I’m writing this from a train, headed north to Oxnard for a work visit. I wrote a blog post on Sunday, but haven’t posted it yet. I had some stories to share, but what came out was more like a book review or scholarly article. It didn’t lead into the story I hoped to share. I tried to make it work, then gave up.
This is something I battle regularly. Most of my writing experience is scholarly. Give me texts to read, a topic to research, evidence to site, and a thesis to defend and I’m golden. But, I want this blog, and my writing in general, to be about life, feelings, what’s most important. When I’m in the “figure things out” mindset, it’s very hard for me to connect with my emotions. The same day that I abandoned the post referenced above, I continued reading my first Anne Lamott book – Almost Everything: Notes on Hope. So, in addition to wanting to read everything by Anne Lamott, I’m now inspired to write what I see, what is happening around me. She advises that writers need to pay close attention to their surroundings. This presence enriches both our writing and our lives.
So, here’s what happened. On Sunday morning, we got up early for church as usual. Dennis had the idea of encouraging the kids to get ready quickly by suggesting a Starbucks visit on the way to church. We have a drive thru Starbucks less than a half mile from our house, it’s dangerous. It worked; the kids got ready in record time! Mateo started whining about wanting the “big hot chocolate” instead of the kids’ size. I reasoned that the kids’ version is cooler and more reasonably sized, so he’ll be able to drink it on the fifteen minute drive to church. He relented eventually and I didn’t think anything more of it.
Also, in the drive thru, I noticed my Dexcom (continuous glucose monitor) reported that my blood sugars had been “in range” 89% of the time this week. That’s a great improvement over the prior week when I was still in holiday celebration mode and eating a lot more carbohydrates!
A little later, we were sitting in church. I had one child on each side of me and was cuddled up with Mateo just before the sermon started. Out of the blue, he whispered to me, “Mommy, I’m sorry I got so upset about the hot chocolate.” Oh my heart. I started to reply when he continued, “… and good job on your diabetes, Mom.”
Tears sprung into my eyes and I had to swallow hard. Telling him he was forgiven, I then took a deep breath and thanked God for this precious moment of connection.
Personally, I was coming out of another cycle of feeling disconnected, being fused with my thoughts, and generally not present in the moment. Over the previous several days, I’d been relearning lessons about the joy that comes from acceptance and presence. Moments of tenderness are the pinnacle of joyful connection. Mateo reminded me of that so poignantly.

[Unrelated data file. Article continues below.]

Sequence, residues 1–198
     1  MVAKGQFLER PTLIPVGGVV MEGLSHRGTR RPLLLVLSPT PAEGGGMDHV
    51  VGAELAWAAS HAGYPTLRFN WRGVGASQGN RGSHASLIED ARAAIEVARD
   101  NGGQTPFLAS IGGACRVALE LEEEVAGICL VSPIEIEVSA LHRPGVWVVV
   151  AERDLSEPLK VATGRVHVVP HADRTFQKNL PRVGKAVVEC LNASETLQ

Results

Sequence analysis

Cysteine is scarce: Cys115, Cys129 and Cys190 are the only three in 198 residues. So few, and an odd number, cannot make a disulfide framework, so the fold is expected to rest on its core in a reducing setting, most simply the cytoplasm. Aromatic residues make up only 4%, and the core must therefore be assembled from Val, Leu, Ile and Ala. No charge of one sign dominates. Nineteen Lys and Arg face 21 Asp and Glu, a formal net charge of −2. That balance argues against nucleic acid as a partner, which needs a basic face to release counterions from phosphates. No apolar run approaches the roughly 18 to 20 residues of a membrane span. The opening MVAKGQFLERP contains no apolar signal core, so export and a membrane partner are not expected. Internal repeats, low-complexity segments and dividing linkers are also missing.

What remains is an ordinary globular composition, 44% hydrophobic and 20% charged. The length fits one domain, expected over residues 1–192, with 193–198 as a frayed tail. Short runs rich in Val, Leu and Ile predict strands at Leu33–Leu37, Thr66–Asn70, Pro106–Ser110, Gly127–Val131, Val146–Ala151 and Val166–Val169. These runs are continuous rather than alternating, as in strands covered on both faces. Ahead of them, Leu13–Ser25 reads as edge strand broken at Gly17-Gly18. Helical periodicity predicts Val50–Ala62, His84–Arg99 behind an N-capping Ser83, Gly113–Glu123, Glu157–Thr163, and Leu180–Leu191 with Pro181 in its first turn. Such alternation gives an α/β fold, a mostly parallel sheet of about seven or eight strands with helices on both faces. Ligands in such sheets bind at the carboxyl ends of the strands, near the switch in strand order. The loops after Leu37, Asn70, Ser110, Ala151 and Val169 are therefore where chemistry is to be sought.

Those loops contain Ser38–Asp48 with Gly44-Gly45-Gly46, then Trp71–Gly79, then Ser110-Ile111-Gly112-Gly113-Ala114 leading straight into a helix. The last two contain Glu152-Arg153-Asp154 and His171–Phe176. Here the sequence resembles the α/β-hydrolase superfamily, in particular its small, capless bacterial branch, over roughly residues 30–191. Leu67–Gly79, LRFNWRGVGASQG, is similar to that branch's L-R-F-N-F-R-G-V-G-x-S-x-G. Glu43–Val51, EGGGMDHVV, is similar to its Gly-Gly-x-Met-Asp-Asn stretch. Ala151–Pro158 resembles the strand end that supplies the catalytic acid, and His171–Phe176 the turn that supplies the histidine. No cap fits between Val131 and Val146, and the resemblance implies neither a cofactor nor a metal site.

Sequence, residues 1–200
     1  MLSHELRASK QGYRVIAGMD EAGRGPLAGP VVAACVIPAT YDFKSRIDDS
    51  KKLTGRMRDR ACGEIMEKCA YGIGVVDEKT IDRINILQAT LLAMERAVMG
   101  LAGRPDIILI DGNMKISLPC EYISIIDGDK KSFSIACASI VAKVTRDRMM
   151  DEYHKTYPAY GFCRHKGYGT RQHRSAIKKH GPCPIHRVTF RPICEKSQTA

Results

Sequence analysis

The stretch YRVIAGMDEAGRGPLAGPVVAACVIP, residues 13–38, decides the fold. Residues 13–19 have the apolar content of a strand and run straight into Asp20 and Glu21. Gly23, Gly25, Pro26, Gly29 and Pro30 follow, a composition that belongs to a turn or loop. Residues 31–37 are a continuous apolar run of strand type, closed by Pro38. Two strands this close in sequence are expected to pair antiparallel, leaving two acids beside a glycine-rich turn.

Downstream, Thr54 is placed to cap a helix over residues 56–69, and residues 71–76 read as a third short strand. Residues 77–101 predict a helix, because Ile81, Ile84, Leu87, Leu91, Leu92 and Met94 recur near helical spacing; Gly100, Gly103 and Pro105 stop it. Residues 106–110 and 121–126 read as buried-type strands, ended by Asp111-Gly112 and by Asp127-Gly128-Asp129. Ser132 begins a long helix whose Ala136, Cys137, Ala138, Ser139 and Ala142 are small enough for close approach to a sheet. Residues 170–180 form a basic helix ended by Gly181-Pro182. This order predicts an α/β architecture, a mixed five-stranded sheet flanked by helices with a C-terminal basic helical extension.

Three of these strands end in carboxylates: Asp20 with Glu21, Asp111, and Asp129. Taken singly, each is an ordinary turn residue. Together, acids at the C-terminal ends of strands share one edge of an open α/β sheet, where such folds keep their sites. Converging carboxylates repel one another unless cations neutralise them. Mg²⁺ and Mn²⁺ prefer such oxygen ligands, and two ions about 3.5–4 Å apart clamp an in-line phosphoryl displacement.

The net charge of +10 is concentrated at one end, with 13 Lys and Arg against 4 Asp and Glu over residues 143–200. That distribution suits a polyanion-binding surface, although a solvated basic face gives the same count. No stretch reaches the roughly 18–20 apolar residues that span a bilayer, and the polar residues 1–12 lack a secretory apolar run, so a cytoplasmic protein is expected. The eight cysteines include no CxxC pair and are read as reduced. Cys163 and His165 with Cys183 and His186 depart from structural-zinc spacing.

Immediately after the sermon, is the collection. While I’ve been using our monthly bill pay to electronically submit our giving for several years now, I usually give Sienna and Mateo a few dollars to put in the collection basket. It satisfies the theological dynamic of giving within the service. As I started to hand Mateo two dollar bills, he suddenly said “Mom, I want to give my fifty dollars.” His grandma had given him $50 for his birthday the week before and I was carrying it in my wallet for safekeeping.
“Are you sure?” I asked.
“Okay. Really? You’re sure?” I said once more.
I handed him the fifty dollar bill and he promptly deposited it into the collection basket. He then smiled at me so sweetly, I could hardly stand it. I leaned down and whispered in his ear: “You humble me with your generosity.” He smiled and hugged me.
The book review that I haven’t posted yet (still deciding whether I will!) is about a great book – You Are What You Love: The Spiritual Power of Habit by James K. A. Smith. In it, Dr. Smith argues that our loves are directed by our habits. When we cultivate habits that orient ourselves toward God, then we will seek God as our ultimate love and end. Any other secular liturgies become rivals and orient our loves towards worldly things that ultimately don’t satisfy us.
I immediately thought of the liturgical habits that we’ve slowly, over time, instilled in our children. The weekly giving of a few dollars into the collection, routinely confessing to one another, and forgiving one another. Our faith tells us that Jesus did everything to accomplish our salvation and we live under his divine grace. As such, we aren’t big on punishments or shaming the kids when they fall short. We’re big on hugs and loving one another. I apologize to my kids for sinning against them all the time. We are hoping to cultivate hearts of love, hope, joy, and service to others. Within these twenty minutes last Sunday, I felt such peace. Within twenty minutes, Mateo’s behavior and words felt like confirmation that his heart is being shaped toward loving God and relying on grace.
I am hard on myself and often feel like I’m falling short in many areas of life. These tender moments with Mateo were a reminder that God is the one doing the growing and shaping of my children’s hearts. I don’t have to do everything just right. Instead we can simply orient our family toward Jesus Christ, and practice faithful liturgies. God will take care of the rest.